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The Biggest Collapses in US Open Golf History

Kirk KenneyFeatured ColumnistOctober 27, 2016

The Biggest Collapses in US Open Golf History

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    The U.S. Open has been the stage for some of the most stirring moments in golf history.

    No one will ever forget the 2008 Open at Torrey Pines, where Tiger Woods, who was basically playing on one leg, defeated Rocco Mediate in a gripping tournament that concluded with a 19-hole playoff.

    Merion Golf Club, the site of this year's Open, has had its own moments. It includes a 1971 playoff victory by Lee Trevino over Jack Nicklaus and a 1950 playoff win by Ben Hogan in his comeback less than two years after a near-fatal car accident.

    Then there is the other side of the coin.

    The U.S. Open also has seen its share of collapses. There is as much agony as ecstasy at the event. Here are the most memorable—forgettable?—moments in Open history, where players have snatched defeat from the jaws of victory.


    Historical information from,, and other noted sources.

8. Sam Snead (1939, Philadelphia Country Club)

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    The Setup: Sam Snead led after each of the first two rounds and was one stroke behind leader Johnny Bulla through three rounds. No fewer than six players had a shot at the championship coming to the 72nd hole, and Snead was among them.

    The Collapse: Snead required only a par to claim the championship. Believing he needed a birdie to win, however, Snead played the hole aggressively. It would cost him. Snead found two bunkers on the way to the green and carded a triple-bogey eight. He finished two strokes out of a three-way playoff won by Byron Nelson.

    The Aftermath: Snead was just five years into a Hall of Fame career that would include a PGA Tour record 82 victories. There would be plenty of opportunities to win the Open. Right?

7. Dustin Johnson (2010, Pebble Beach)

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    The Setup: Dustin Johnson won back-to-back titles at the Pebble Beach Pro-Am in 2009-10. Not a bad tune-up for the 2010 U.S. Open, which was being played at Pebble. After rounds of 71 and 70 on the first two days of the tournament, Johnson shot a 66 in the third round to take a three-stroke lead over Graeme McDowell entering the final round.

    The Collapse: Johnson's dream of his first major championship quickly turned into a nightmare with a triple bogey on the second hole and a double bogey on the third. He was never the same thereafter, ballooning to a final-round 82 and a tie for eighth place. McDowell's 74 provided him with a one-shot victory over Gregory Havret. A five-over-par 76 that day would have been enough for Johnson to win.

    The Aftermath: Johnson's major misfortunes continued a couple of months later at the PGA Championship; a two-stroke penalty dropping him out of a playoff for the title. He finished tied for 23rd at the 2011 Open and missed the cut last year, but he remains among the world's best golfers. He has had one top-10 finish at the PGA Championship and two top-10s at the British Open since his problems at Pebble.

6. Sam Snead (1947, St. Louis Country Club)

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    The Setup: You again? Sam Snead's final-round 70—which included a birdie on the 18th hole—enabled him to gain a stroke on third-round leader Lew Worsham and force an 18-hole playoff. In the playoff, Snead led by two shots with three holes to play.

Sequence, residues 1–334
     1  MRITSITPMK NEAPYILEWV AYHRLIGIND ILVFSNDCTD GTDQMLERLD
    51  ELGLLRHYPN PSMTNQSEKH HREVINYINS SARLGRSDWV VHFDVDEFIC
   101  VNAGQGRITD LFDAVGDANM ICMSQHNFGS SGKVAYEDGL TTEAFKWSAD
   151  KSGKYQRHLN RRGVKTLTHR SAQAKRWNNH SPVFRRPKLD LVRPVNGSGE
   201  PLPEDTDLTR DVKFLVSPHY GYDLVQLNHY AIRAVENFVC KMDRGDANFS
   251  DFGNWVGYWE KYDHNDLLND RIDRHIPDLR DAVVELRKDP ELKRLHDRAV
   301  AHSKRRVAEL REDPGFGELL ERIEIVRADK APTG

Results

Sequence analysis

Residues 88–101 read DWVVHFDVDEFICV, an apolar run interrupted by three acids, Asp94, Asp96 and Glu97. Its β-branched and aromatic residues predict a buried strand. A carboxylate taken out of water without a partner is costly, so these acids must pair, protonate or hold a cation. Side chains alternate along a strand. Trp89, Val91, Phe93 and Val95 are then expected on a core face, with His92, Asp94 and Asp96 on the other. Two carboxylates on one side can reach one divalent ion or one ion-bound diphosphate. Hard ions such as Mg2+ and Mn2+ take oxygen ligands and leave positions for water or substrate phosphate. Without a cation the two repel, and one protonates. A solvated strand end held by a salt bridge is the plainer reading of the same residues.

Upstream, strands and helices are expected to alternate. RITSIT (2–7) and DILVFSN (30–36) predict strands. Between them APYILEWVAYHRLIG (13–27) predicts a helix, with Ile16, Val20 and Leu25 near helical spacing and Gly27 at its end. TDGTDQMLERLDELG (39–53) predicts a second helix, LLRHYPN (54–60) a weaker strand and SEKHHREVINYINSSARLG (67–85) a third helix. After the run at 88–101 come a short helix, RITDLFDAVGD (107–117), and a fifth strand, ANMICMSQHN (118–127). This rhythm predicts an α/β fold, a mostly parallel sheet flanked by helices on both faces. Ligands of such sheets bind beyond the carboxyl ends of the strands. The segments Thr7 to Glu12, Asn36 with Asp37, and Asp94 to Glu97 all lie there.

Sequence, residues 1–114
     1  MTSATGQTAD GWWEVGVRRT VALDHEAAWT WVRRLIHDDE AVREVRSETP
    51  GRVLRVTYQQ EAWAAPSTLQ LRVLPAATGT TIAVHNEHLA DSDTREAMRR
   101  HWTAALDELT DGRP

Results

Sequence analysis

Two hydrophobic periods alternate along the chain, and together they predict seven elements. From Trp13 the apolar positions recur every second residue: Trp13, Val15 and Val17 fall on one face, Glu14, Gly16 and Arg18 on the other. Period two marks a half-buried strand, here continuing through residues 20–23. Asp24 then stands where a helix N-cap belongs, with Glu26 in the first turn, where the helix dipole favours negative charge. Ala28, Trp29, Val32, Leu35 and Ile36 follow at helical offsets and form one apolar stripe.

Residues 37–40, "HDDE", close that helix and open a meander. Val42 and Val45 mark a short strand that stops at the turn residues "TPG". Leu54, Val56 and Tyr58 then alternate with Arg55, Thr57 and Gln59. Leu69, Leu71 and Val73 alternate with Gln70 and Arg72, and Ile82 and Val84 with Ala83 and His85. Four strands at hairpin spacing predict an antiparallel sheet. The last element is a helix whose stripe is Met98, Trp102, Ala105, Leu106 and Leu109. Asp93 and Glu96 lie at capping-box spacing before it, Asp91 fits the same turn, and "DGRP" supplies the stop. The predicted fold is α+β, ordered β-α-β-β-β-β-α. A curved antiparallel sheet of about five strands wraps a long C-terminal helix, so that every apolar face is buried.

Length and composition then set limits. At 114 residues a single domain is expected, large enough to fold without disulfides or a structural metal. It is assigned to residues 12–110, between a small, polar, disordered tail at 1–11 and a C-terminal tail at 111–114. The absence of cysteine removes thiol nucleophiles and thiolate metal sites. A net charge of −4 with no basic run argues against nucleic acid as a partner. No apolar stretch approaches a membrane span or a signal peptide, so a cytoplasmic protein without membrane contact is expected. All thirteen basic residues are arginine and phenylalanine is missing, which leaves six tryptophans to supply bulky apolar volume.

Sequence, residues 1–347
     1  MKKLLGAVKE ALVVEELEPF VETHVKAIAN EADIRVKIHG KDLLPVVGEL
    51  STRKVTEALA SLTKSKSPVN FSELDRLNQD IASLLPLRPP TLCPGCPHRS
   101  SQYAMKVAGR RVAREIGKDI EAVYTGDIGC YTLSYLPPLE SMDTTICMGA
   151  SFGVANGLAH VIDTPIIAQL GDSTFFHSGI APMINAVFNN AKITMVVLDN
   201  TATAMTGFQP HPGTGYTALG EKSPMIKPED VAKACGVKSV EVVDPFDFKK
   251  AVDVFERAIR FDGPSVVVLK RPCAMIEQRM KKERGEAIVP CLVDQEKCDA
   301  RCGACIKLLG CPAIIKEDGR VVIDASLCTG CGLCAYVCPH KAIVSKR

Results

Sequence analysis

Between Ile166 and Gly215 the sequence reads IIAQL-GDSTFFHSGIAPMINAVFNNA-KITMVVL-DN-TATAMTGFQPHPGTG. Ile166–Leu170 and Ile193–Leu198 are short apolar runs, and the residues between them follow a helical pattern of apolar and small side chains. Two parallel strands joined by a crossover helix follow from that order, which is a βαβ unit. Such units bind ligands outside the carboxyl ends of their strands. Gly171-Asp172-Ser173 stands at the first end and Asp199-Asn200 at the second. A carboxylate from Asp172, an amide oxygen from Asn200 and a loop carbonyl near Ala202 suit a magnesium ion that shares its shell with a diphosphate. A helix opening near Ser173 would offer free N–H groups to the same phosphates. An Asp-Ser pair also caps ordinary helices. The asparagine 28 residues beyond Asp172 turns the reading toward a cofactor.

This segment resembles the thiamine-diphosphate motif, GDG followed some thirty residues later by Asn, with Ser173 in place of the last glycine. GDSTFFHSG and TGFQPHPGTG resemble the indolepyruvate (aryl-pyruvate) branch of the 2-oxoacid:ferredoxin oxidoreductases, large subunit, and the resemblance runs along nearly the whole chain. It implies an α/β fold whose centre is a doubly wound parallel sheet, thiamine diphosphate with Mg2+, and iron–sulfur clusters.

The Collapse: Worsham birdied the par-three 16th hole to get back one stroke and drew even when Snead bogeyed the par-four 17th. They both launched solid drives off the tee on the 419-yard, par-4 18th hole, but Snead had the advantage when his approach shot landed 15 feet from the hole, while Worsham's stopped on the fringe.

    Worsham's third shot went in and out of the hole, stopping less than three feet from the pin. Snead left his birdie putt short and it appeared they would both par out and have to play another 18 holes in the afternoon. But Worsham called an official for a measurement to see who was farther from the hole. It turned out Worsham was 29 inches from the cup and Snead was 30.5 inches away.

    Snead "looked daggers" at Worsham, according to the Toledo Blade, before stroking a putt that hit the side of the hole and stopped an inch away for bogey. Worsham then stepped up and holed his par putt for the championship.

    The Aftermath: Snead finished in the top 10 in the Open nine times over the next two decades. He was runner-up four times. While Snead won seven majors in his career, the Open was not one of them.

5. T.C. Chen (1985, Oakland Hills)

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    The Setup: The first three days of the Open were amazing for T.C. Chen. He set a course record with a 65 at Michigan's Oakland Hills, carded the first double eagle in Open history and set 36- and 54-hole scoring records. Chen had a one-stroke lead over Andy North entering the final round and expanded his advantage to four shots Sunday as he stepped to the fifth tee.

    The Collapse: Chen's fifth hole became part of Open history for all the wrong reasons. His second shot on the par-four hole landed in the greenside rough. He double-hit the ball when he chipped out, requiring a one-stroke penalty. He then three-putted for a quadruple-bogey eight. A snowman to the common man. Bogeys on each of the next three holes followed.

    Chen briefly got back a share of the lead on the back nine, but finished with a seven-over-par 77. North shot 74 for a one-stroke victory over Chen and two others to win his second Open championship.

    The Aftermath: Chen never contended again in the Open. He finished tied for 59th the following year and missed the cut in 1987 and '88.